Strictly positive data types

We follow a syntactic description of strictly positive inductive data types.

An inductive type is said to be strictly positive if it does not occur or occurs strictly positively in the types of the arguments of its constructors. A name qualified as strictly positive for an inductive type if it never occurs at a negative position in the types of the arguments of its constructors. We refer to a negative position as those occurrences on the left of an arrow in a type constructor argument.

In the example below, the type X occurs strictly positive in c0 and negatively at the constructor c1. Therefore, X is not strictly positive.

axiom B : Type;
inductive X {
  c0 : (B -> X) -> X;
  c1 : (X -> X) -> X;
};

We could also refer to positive parameters as such parameters occurring in no negative positions. For example, the type B in the c0 constructor above is on the left of the arrow B->X. Then, B is at a negative position. Negative parameters need to be considered when checking strictly positive data types as they may allow to define non-strictly positive data types.

In the example below, the type T0 is strictly positive. However, the type T1 is not. Only after unfolding the type application T0 (T1 A) in the data constructor c1, we can find out that T1 occurs at a negative position because of T0. More precisely, the type parameter A of T0 is negative.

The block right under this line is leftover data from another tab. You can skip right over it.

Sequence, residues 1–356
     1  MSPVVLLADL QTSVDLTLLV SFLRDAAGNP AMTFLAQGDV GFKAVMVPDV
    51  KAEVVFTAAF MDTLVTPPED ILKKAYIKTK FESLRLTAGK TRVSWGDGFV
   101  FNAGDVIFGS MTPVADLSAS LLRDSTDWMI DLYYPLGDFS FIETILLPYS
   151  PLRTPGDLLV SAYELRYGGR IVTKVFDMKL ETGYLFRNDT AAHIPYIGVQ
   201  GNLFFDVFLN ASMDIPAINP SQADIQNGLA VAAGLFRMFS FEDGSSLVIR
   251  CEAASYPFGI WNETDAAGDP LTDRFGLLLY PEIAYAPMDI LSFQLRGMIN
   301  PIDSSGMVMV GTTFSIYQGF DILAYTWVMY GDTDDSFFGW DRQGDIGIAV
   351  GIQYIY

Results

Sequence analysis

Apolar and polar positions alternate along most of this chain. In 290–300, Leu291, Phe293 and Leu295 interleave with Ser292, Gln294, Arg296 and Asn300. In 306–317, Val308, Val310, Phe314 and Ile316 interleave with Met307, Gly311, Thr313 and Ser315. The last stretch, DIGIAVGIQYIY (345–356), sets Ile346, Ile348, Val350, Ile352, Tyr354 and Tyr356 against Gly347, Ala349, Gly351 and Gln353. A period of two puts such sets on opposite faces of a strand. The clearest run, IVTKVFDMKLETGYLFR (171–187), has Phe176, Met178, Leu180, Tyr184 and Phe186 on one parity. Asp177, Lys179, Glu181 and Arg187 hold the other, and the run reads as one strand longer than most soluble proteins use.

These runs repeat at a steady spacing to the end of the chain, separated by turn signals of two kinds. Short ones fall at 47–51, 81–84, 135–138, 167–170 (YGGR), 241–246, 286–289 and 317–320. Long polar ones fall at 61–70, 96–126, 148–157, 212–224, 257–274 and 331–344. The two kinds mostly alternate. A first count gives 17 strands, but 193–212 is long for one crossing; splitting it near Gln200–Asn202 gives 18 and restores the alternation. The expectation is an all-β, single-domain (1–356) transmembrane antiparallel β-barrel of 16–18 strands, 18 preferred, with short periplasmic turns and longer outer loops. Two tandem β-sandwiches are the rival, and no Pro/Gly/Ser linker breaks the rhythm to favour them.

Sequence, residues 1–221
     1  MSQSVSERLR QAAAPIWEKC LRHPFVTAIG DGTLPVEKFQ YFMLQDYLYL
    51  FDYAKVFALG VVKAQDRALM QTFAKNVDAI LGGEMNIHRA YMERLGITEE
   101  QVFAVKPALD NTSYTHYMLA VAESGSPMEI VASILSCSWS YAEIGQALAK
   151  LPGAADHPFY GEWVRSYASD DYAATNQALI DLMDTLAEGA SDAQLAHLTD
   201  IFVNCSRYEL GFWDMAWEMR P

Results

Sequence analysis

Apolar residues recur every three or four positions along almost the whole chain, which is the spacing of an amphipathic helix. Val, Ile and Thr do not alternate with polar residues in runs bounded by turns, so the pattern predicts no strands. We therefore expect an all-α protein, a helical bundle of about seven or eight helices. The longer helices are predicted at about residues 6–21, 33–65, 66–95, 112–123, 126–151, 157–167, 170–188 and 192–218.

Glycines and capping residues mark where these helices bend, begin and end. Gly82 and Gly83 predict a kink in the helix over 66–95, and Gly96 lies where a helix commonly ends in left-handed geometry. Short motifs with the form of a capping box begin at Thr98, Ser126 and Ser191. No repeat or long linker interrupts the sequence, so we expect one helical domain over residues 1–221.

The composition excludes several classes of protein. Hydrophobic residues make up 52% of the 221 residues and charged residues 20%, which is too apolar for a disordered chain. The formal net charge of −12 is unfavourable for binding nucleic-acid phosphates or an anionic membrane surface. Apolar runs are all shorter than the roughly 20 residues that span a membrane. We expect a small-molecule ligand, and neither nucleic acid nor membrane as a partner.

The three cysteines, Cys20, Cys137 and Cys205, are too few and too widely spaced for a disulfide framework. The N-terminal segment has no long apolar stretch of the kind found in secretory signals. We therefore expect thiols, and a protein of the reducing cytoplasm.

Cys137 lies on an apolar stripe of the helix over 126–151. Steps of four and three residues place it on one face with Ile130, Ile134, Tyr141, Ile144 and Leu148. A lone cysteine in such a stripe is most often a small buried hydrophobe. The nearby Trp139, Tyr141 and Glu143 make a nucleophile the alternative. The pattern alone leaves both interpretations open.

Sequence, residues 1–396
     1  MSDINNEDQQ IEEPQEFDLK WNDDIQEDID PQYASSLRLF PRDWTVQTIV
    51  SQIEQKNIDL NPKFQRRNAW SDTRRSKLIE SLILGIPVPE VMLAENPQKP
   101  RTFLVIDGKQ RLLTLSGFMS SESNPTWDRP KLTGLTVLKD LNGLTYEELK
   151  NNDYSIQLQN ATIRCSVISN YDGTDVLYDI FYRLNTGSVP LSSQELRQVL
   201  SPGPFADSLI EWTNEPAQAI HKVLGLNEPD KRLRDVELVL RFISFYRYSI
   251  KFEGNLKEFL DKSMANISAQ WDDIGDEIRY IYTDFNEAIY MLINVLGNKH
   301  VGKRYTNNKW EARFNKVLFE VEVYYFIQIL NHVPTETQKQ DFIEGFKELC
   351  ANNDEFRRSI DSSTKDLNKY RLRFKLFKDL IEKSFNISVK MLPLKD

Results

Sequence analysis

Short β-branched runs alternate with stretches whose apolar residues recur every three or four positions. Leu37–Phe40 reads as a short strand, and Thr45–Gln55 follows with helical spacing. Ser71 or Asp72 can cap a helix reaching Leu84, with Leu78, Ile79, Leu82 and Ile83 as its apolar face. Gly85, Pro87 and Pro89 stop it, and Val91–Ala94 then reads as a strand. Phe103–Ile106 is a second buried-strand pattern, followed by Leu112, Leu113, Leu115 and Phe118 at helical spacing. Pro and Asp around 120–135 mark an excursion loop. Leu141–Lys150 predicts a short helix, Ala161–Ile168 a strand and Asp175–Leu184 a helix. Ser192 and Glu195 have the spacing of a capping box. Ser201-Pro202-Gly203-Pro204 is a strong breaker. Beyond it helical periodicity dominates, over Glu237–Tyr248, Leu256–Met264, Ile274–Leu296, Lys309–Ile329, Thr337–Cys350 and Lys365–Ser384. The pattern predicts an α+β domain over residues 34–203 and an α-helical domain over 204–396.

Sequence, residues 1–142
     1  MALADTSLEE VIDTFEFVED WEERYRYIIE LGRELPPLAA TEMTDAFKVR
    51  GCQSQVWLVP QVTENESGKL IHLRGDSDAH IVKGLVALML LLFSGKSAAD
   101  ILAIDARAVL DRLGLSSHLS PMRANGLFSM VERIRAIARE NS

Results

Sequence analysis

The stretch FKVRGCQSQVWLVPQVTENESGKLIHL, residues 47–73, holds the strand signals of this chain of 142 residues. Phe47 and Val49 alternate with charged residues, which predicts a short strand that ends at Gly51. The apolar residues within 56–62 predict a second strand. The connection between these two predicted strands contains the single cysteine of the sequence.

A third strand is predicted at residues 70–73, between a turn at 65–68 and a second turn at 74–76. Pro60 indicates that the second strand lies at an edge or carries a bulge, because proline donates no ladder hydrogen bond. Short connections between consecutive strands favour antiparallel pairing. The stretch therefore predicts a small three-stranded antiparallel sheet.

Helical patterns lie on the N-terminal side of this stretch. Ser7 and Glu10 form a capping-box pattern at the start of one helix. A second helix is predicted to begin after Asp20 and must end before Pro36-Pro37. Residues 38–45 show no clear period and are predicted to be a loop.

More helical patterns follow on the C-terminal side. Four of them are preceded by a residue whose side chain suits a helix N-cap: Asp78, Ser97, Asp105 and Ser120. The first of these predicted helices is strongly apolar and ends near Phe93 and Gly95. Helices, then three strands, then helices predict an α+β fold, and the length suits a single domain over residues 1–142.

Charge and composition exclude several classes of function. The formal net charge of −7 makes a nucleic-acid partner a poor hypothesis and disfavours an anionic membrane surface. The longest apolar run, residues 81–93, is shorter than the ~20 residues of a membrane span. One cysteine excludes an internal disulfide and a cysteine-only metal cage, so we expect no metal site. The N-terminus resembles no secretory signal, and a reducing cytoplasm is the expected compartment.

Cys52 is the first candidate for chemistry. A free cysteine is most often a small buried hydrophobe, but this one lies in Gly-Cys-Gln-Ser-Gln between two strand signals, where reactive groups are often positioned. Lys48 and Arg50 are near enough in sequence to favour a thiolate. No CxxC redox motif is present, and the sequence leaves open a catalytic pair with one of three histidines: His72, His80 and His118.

inductive T0 (A : Type) {
  c0 : (A -> T0 A) -> T0 A;
};

inductive T1 {
  c1 : T0 T1 -> T1;
};

Bypass the strict positivity condition

To bypass the positivity check, a data type declaration can be annotated with the keyword positive. Another way is to use the CLI global flag --no-positivity when typechecking a Juvix File.

$ cat tests/negative/MicroJuvix/NoStrictlyPositiveDataTypes/E5.mjuvix
module E5;
  positive
  inductive T0 (A : Type){
    c0 : (T0 A -> A) -> T0 A;
  };
end;

Examples of non-strictly data types

  • NSPos is at a negative position in c.

    inductive Empty {};
    inductive NSPos {
      c : ((NSPos -> Empty) -> NSPos) -> NSPos;
    };
    
  • Bad is not strictly positive beceause of the negative parameter A of Tree.

    inductive Tree (A : Type) {
      leaf : Tree A;
      node : (A -> Tree A) -> Tree A;
    };
    
    inductive Bad {
      bad : Tree Bad -> Bad;
    };
    
  • A is a negative parameter.

    inductive B (A : Type) {
      b : (A -> B (B A -> A)) -> B A;
    };